As wonderful as the possibilities are, it doesn’t all work perfectly. The mind map employs a system where a question mark indicates a fact that must be connected to something. That’s fine and helpful – essential to the great usability of the system – but it reads as if you need to actually answer the question that’s written. In fact, you need only find a relevant associated fact, which may not address the question at all. For example, early in the game you need to deduce that certain rooms are closed off because the staff are preparing for an event. Although you can see two locked doors, and are prompted with the question of why they are locked, you cannot connect them to the fact that the staff are busy until you have connected them to one another.
These trial-and-error click-fests are thrown into particularly cringy relief when Poirot finally connects muddy footprints with an adjacent muddy puddle and exclaims loudly to himself, “A moment of genius!” In effect, you need to learn how to read the language of the game, which doesn’t really match an intuitive, plain-English reading. Once you’re over that hurdle, it’s consistent, but it’s a real obstacle to onboarding players.
There are, unfortunately, more shortcomings. While the cast of characters have a suitably prominent place in the game’s interface (a separate tab alongside the mind map), in the game world they have no real existence except as golems to dispense dialogue, appearing and disappearing from the sets as the logic of the plot demands. They stand pointlessly in cavernous rooms, staring, swaying, until Poirot’s mere thoughts cause the world to transmogrify to its next state. Poirot’s “order and method” are present and correct, but the heart and soul are absent.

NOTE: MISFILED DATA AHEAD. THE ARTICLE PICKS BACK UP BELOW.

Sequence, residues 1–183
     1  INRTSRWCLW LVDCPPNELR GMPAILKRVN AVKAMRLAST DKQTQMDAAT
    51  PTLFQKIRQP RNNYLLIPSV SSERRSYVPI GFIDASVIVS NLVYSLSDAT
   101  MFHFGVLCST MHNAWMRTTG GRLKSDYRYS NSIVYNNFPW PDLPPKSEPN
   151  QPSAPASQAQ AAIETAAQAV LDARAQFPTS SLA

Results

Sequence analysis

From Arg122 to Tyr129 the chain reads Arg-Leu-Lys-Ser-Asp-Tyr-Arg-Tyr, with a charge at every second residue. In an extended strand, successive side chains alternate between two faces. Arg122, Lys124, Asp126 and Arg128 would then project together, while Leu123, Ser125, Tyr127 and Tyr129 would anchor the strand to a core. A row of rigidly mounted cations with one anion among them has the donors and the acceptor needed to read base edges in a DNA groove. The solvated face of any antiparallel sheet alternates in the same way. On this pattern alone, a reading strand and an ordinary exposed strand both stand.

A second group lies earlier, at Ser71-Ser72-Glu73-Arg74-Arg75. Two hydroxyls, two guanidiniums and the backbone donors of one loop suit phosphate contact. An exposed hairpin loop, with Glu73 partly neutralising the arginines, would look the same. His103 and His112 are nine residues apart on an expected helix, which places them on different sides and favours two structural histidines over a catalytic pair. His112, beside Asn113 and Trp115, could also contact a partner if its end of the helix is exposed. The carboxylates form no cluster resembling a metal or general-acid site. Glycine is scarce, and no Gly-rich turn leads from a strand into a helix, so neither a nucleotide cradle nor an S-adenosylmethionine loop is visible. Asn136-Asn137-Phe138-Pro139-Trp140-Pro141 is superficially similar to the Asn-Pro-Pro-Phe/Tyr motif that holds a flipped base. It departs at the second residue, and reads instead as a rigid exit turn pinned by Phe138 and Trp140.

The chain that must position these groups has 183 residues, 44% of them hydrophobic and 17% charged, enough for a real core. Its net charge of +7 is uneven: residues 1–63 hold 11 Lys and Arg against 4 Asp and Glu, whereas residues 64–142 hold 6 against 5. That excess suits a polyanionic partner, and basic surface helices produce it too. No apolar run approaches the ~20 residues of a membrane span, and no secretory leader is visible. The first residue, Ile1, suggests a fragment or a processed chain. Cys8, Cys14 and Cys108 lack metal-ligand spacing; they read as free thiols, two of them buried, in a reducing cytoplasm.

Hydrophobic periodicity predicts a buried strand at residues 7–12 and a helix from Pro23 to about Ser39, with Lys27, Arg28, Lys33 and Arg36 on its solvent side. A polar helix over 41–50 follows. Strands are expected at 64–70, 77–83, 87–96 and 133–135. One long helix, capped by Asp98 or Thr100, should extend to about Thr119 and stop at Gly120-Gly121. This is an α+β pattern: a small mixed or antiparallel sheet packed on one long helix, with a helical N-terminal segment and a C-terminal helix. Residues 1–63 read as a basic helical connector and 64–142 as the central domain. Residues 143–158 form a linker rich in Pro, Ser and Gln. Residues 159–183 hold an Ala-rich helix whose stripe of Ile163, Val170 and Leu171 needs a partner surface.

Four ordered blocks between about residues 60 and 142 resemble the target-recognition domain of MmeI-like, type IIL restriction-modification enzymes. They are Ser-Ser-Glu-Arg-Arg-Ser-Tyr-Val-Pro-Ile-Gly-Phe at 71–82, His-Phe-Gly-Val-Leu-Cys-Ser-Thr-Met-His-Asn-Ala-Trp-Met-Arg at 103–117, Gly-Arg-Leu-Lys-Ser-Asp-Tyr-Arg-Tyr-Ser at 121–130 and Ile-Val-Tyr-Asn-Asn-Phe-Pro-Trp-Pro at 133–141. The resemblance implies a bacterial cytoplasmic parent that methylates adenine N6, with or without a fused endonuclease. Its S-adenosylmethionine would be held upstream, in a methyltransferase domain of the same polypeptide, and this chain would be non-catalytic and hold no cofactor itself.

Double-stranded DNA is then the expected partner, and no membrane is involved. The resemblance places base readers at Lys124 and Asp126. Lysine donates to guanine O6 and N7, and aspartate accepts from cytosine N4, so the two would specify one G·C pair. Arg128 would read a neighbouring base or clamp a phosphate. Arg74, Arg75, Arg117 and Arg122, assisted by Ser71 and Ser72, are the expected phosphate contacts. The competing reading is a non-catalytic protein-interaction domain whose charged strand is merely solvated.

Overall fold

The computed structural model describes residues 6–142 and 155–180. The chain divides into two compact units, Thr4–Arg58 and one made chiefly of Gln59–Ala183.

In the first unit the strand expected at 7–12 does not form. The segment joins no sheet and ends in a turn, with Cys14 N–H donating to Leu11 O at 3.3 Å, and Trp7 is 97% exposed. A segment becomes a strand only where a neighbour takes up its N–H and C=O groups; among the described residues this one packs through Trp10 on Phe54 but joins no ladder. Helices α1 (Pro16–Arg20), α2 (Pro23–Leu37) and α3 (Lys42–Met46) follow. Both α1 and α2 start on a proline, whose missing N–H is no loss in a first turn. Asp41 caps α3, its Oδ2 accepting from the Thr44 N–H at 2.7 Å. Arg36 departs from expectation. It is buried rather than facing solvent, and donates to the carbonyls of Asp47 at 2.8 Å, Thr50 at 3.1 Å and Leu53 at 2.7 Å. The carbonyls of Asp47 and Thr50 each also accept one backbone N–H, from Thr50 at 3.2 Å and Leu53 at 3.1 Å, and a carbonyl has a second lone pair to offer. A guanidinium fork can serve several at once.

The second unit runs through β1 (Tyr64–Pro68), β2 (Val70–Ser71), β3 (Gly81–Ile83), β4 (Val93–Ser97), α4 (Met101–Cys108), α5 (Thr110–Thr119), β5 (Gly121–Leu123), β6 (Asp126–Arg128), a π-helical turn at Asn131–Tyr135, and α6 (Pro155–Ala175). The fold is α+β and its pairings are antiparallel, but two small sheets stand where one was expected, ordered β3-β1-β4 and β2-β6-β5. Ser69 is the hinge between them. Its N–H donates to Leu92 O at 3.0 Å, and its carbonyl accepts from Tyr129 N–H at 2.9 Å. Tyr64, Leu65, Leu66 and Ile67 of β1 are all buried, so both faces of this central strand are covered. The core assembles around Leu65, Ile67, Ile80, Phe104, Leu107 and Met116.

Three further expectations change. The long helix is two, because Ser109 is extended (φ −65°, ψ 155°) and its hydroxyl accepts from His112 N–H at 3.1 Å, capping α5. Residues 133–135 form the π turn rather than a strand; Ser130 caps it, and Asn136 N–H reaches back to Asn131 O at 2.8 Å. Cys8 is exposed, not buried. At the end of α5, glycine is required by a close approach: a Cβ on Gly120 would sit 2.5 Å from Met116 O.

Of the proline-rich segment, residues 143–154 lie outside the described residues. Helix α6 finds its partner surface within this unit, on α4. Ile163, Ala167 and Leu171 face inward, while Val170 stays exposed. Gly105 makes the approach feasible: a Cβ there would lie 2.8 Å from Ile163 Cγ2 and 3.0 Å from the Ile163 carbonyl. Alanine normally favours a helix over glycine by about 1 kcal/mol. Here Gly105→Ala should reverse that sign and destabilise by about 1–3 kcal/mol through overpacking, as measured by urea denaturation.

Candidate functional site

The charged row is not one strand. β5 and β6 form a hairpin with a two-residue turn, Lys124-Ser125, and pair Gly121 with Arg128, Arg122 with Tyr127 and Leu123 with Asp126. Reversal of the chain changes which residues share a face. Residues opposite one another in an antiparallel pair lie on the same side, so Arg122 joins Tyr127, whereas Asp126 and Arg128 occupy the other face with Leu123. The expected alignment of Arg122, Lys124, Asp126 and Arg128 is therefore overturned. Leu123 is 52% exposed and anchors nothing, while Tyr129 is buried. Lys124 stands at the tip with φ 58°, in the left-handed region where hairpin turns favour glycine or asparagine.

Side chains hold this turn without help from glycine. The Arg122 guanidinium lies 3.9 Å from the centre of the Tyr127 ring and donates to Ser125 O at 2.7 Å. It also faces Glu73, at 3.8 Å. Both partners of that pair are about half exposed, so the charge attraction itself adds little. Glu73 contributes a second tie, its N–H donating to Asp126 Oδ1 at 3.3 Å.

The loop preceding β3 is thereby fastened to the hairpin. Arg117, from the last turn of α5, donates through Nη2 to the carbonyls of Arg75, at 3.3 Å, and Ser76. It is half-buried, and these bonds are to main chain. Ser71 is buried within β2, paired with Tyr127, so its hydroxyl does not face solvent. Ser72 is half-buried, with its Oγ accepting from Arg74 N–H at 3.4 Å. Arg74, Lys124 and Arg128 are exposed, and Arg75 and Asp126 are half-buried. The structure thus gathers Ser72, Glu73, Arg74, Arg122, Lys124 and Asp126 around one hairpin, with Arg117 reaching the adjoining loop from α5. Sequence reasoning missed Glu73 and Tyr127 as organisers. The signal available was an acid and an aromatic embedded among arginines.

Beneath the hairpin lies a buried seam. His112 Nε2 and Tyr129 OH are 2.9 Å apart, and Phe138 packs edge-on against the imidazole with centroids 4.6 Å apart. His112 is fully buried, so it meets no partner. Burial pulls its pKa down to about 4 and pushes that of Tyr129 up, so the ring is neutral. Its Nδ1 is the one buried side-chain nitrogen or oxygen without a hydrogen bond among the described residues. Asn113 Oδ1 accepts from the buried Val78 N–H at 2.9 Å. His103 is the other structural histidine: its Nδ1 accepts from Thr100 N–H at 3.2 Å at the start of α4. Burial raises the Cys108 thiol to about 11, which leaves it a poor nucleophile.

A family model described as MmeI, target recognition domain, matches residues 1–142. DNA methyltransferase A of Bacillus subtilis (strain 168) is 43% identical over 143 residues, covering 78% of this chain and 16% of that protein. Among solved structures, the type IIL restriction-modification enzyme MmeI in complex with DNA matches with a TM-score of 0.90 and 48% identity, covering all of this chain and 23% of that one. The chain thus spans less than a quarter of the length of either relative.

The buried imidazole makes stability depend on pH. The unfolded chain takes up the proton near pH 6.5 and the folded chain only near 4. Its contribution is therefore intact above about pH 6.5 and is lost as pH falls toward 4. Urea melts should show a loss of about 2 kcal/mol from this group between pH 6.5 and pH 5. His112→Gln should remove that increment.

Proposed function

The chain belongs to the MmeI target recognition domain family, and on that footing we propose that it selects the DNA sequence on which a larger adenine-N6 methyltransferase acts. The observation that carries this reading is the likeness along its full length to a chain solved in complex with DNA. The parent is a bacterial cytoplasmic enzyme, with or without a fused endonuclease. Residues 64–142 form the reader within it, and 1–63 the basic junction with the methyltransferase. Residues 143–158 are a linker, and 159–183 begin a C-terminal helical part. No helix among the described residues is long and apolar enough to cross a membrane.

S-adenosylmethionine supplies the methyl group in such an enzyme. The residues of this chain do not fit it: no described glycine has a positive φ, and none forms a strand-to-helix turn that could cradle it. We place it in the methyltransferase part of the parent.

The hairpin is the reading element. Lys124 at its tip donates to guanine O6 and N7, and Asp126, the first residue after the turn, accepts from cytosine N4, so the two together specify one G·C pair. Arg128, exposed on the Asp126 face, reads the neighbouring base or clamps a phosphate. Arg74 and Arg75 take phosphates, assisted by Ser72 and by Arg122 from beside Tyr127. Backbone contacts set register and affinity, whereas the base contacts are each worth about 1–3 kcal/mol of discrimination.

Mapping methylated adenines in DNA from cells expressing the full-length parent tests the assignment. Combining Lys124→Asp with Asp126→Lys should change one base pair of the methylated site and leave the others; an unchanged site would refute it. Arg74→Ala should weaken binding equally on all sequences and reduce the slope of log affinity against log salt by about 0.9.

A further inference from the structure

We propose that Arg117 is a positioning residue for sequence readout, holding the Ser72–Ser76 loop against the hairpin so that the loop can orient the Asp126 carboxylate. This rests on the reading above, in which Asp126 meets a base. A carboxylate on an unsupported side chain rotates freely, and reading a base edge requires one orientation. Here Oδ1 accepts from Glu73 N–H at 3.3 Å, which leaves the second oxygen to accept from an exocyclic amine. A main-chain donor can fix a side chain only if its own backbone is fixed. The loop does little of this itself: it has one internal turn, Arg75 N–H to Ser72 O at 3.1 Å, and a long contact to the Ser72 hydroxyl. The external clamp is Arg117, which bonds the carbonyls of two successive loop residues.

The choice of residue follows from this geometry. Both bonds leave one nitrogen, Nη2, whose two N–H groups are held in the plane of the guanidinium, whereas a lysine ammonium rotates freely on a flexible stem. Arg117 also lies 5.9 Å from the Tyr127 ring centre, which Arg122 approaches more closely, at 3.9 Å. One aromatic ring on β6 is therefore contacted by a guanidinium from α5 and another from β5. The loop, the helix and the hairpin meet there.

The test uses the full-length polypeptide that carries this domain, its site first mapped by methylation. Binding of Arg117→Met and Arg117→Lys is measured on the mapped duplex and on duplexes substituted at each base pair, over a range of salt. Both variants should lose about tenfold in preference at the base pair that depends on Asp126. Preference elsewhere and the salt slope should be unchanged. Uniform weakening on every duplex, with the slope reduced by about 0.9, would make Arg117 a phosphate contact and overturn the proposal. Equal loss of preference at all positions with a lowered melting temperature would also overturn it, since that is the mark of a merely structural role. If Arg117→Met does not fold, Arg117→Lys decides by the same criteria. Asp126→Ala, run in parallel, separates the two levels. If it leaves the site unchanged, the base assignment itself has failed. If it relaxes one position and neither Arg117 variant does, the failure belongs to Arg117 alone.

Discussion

On there are plenty of positives. The visuals are attractive, if simple, on big and small screens. There’s some stuttering, but it’s infrequent and not too bothersome. Voice acting is extensive and entertaining, if not always intentionally; some of the accents in particular are irresistibly hammy. The mind map interface is smooth and satisfying and the overall feel of the game is like getting comfy with a mystery novel – perfect.
First Cases is a significant change of direction from The ABC Murders, Poirot’s last outing also published by Microids. Stepping comfortably into visual novel territory and casting aside the puzzling that would hold back narrative flow, your fantasy is one not of being Hercule Poirot but rather of enjoying a Poirot novel. The Switch let’s you indulge in that as you would a great book, whether in the wingback of your stately home’s library or, indeed, on the toilet of your bedsit. For storytelling, the game format is ideal – even ingenious. The trademark Christie web of connections between events, evidence and the psychology of the characters is planned out in front of your eyes – either to pore over on a diagram or to stroll through in the neatly presented settings. The game’s main limitations are the inanimate world and workaday writing that fail to lend the sparkle of life to a well-machined story. Nonetheless, while puzzle-loving gamers shouldn’t pick this one up, visual novel fans and Hercule-heads won’t be able to put it down.